MDOC Policy Directive 03.02.130 (effective July 9, 2007), sets forth the applicable grievance procedures for prisoners in MDOC custody at the time relevant to this complaint. Inmates must first attempt to resolve a problem orally within two business days of becoming aware of the grievable issue, unless prevented by circumstances beyond his or her control. Id. at ¶ P. If oral resolution is unsuccessful, the inmate may proceed to Step I of the grievance process and submit a completed grievance form within five business days of the attempted oral resolution. Id. at ¶¶ P, V. The inmate submits the grievance to a designated grievance coordinator, who assigns it to a respondent. Id. at ¶ V. The Policy Directive also provides the following directions for completing grievance forms: “The issues should be stated briefly but concisely. Information provided is to be limited to the facts involving the issue being grieved (i.e., who, what, when, where, why, how). Dates, times, places and names of all those involved in the issue being grieved are to be included.” Id. at ¶ R (emphasis in original).

         If the inmate is dissatisfied with the Step I response, or does not receive a timely response, he may appeal to Step II by obtaining an appeal form within ten business days of the response, or if no response was received, within ten days after the response was due. Id. at ¶¶ T, BB. The respondent at Step II is designated by the policy, e.g., the regional health administrator for a medical care grievances. Id. at ¶ DD. If the inmate is still dissatisfied with the Step II response, or does not receive a timely Step II response, he may appeal to Step III using the same appeal form. Id. at ¶¶ T, FF. The Step III form shall be sent within ten business days after receiving the Step II response, or if no Step II response was received, within ten business days after the date the Step II response was due. Id. at ¶¶ T, FF. The Grievance and Appeals Section is the respondent for Step III grievances on behalf of the MDOC director. Id. at ¶ GG. “The total grievance process from the point of filing a Step I grievance to providing a Step III response shall generally be completed within 120 calendar days unless an extension has been approved . . . .” Id. at ¶ S.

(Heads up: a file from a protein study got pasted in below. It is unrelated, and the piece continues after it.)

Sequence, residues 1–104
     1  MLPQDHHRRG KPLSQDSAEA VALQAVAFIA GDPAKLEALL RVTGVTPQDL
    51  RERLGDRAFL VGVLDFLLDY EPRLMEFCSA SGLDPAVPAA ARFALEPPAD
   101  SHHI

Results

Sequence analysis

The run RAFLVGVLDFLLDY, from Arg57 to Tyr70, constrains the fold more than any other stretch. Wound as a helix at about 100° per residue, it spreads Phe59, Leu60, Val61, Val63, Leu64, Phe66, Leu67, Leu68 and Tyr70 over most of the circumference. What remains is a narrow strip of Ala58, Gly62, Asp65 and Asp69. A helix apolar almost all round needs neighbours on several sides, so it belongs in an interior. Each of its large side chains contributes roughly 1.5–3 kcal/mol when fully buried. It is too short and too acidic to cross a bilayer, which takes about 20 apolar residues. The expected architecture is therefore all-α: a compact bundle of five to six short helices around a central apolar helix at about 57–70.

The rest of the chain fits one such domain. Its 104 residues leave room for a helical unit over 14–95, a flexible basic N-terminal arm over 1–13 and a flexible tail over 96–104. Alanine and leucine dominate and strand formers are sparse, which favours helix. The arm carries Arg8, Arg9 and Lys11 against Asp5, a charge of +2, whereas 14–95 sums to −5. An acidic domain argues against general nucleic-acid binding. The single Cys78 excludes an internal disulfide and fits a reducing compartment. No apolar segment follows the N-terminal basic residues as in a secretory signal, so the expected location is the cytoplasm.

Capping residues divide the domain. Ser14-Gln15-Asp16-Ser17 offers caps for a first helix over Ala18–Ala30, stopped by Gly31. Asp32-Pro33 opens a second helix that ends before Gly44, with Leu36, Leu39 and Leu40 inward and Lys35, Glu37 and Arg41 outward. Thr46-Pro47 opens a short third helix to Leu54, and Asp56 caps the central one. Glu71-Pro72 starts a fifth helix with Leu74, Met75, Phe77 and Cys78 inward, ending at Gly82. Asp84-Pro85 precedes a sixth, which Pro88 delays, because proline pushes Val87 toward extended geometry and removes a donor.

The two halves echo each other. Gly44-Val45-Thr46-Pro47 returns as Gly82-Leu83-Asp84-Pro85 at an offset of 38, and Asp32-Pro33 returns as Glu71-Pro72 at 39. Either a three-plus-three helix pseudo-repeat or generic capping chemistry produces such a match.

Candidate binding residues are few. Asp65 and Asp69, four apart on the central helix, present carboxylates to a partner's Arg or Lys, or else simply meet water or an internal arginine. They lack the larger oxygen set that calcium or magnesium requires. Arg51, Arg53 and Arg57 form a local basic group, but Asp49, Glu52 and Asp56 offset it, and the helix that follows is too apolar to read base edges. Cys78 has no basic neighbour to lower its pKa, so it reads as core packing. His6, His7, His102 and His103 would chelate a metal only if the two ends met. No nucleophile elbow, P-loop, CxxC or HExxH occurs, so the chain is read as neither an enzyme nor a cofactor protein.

Defendant Henley argues that Plaintiff did not exhaust his administrative remedies because the only grievance Plaintiff filed, Grievance # LMF-16-05-1559-28e, was rejected as untimely at every step. It is true that Plaintiff's grievance was rejected as untimely. (PageID.89-94). The alleged incident occurred on March 21, 2016, and Plaintiff did not file the Step I grievance until May 23, 2016. Thus, Plaintiff filed the Step I grievance well past the deadline. In addition, Defendant Henley states that Plaintiff has “no excuse” for not complying with the grievance procedure. However, Plaintiff contends that the he attempted to exhaust all available administrative remedies. He argues that he was unable to file a timely grievance because corrections officers refused to give him grievance forms while he was in segregation and because he speaks very little English. Plaintiff further explains that when he was released from segregation on May 22, 2016, he was able to file a grievance with the assistance of “Spanish speaking paralegal Mark A. Boussum.” (PageID.108). It appears that Mr. Boussum wrote the Step I grievance and noted that Plaintiff could not comply with the grievance procedure because he speaks very little English. Defendant Henley failed to file a reply brief addressing whether the grievance procedure was available to Plaintiff, as an individual housed in segregation who spoke little English. Therefore, in the opinion of the undersigned, Defendant Henley has failed to meet his burden to show that Plaintiff failed to exhaust all available administrative remedies. See Ross v. Blake, 136 S.Ct. 1850, 1859-60 (2016).

         Accordingly, it is recommended that Defendant Henley's motion for summary judgment (ECF No. 10) be denied.

         NOTICE TO PARTIES: Objections to this Report and Recommendation must be served on opposing parties and filed with the Clerk of the Court within fourteen (14) days of receipt of this Report and Recommendation. 28 U.S.C. § 636(b)(1)(C); Fed.R.Civ.P. 72(b); W.D. Mich. LCivR 72.3(b). Failure to file timely objections constitutes a waiver of any further right to ...